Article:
Agnes Lawrence Pelton (1881–1961) was a modernist painter who was born in Germany and moved to the United States as a child. She studied art in the United States and Europe. She made portraits of Pueblo Indians, desert landscapes and still lifes. Pelton's work evolved through at least three distinct themes: her early "Imaginative Paintings", art of the American Southwest people and landscape, and abstract art that reflected her spiritual beliefs.
Agnes Lawrence Pelton was born in Stuttgart, Germany to American parents, William Halsey Pelton and Florence Pelton. Her maternal grandfather was American abolitionist Theodore Tilton and her paternal grandfather was a plantation owner in Louisiana. She lived in Rotterdam, the Netherlands from 1882 to 1884 and in Basel, Switzerland from 1884 to 1888. Agnes and her mother moved to her mother's family hoe in Brooklyn after her father’s death in 1890 of a morphine overdose. Florence Pelton studied music at the Stuttgart Conservatory of Music and operated the Pelton School of Music in Brooklyn for 30 years. She also gave lessons in French and German. Due to her poor health, Agnes was educated at home and her mother and Arthur Whiting taught her piano.
Pelton studied at the Pratt Institute from 1895 to 1900, graduating with fellow Modernist artist Max Weber. She continued her studies with one of her instructors, Arthur Wesley Dow, in Ipswich, Massachusetts. She studied landscape and was Dow's assistant at his summer school, where he taught Modernism, inspired by Chinese and Japanese art. Biographer Tiska Blankenship said that "Dow emphasized structure, spirit, imagination, creation, and the nonnaturalistic use of color, a technique he taught using Japanese prints to demonstrate space relations and the appropriate use of light and dark masses... Dow's influence was critical to Pelton's development of abstractions based on interior, spiritual values." Dow also taught Georgia O'Keeffe. Pelton took summer classes from William Langson Lathrop in 1907. Pelton studied in Italy in 1910 and 1911, taking life drawing lessons and studying Italian painters at the British Academy in Rome, and also studied with Hamilton Easter Field, who was another of her Pratt instructors.
Her work was exhibited in Ogunquit, Maine at Field's studio in 1912. Based upon her work at that show, Walt Kuhn invited her to participate in the 1913 Armory Show, where two of her paintings, Stone Age and Vine Wood were exhibited. What Pelton called "Imaginative Paintings" were influenced by the work of Arthur B. Davies and depicted the effect of natural light. She made these paintings from 1911 to 1917.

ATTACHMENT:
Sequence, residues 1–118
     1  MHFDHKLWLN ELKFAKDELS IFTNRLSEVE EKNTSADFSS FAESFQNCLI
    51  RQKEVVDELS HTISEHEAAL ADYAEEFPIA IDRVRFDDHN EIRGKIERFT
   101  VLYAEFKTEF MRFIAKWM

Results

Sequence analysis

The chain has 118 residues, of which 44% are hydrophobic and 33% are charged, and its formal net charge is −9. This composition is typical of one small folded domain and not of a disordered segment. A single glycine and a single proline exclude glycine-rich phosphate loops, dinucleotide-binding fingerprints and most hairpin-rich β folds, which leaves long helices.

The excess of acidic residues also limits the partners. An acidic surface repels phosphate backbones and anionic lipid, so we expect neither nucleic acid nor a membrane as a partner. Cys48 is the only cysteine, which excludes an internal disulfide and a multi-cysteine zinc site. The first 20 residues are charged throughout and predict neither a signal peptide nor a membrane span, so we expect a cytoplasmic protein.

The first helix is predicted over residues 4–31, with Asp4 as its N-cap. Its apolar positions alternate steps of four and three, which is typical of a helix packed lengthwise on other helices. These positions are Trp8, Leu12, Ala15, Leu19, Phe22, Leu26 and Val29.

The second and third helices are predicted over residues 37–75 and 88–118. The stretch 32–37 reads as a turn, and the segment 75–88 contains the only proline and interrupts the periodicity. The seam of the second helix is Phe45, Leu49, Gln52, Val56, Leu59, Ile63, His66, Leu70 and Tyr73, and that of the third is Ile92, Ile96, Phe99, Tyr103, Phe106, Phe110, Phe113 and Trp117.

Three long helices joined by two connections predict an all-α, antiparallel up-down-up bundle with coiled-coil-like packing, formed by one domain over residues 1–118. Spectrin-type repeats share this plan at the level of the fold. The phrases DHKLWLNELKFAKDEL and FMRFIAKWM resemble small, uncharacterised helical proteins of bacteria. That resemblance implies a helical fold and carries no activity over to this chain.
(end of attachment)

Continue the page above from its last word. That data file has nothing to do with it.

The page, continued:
Pelton's work changed significantly following a visit to Mabel Dodge Luhan in Taos, New Mexico in 1919. She painted in oil and used pastels to create realistic portraits and desert landscapes and her works were exhibited in Santa Fe at the School of American Research. Pelton visited Pueblo Indians in the American southwest.
Pelton had her studios in Greenwich Village in New York City until 1921 when her mother died. She moved to Long Island and lived in a Hayground windmill that had been converted to a house. She also traveled to Hawaii, Beirut, Syria, Georgia and California.
She painted portraits and still lifes in Hawaii in 1923 and 1924. She created abstract works of art beginning 1926, which were exhibited in New York at the Argent Galleries and the Museum of New Mexico. By 1926, she had exhibited in 20 group exhibitions and 14 solo exhibitions.
She settled in Cathedral City, California in 1932. Pelton originally intended to just visit the area, but lived there nearly 30 years. She wrote:
The vibration of this light, the spaciousness of these skies enthralled me. I knew there was a spirit in nature as in everything else, but here in the desert it was an especially bright spirit.
Pelton recorded her spiritual and philosophical thoughts, had an "intense interest" in Agni Yoga, which influenced her work. Seven of her paintings, like Fires of Spring and White Fire, represented the fire symbol of Agni Yoga. She had a close friendship with modern transpersonal astrology pioneer Dane Rudhyar and Modernist Southwest painter Raymond Jonson. In 1938, she was a co-founder, first president, and the oldest member of the Transcendental Painting Group. Pelton died in Cathedral City in 1961 and was cremated. Her ashes were buried in the San Jacinto Mountains.
"Agnes Pelton, Poet of Nature", a 1995-1996 retrospective exhibition of her work, brought national attention to her work. Curator Michael Zakian wrote:
Pelton's works were poetic celebrations of nature that explored the vital forces animating the physical world. Interested in themes of creation, growth, and radiance, Pelton translated favorite subjects—a glowing star, an opening flower—into life-affirming images of rare beauty and resonance. In many ways, her paintings resemble the art of her contemporary Georgia O'Keeffe, only more colorful, more spiritual, and more imaginative.
In 2009, her work was exhibited with three other Modernist artists: Georgia O'Keeffe, Florence Miller Pierce, and Agnes Martin. A 192-page catalog accompanied the exhibition.
The Agnes Pelton Society was founded in 2013 to promote Pelton's life and legacy.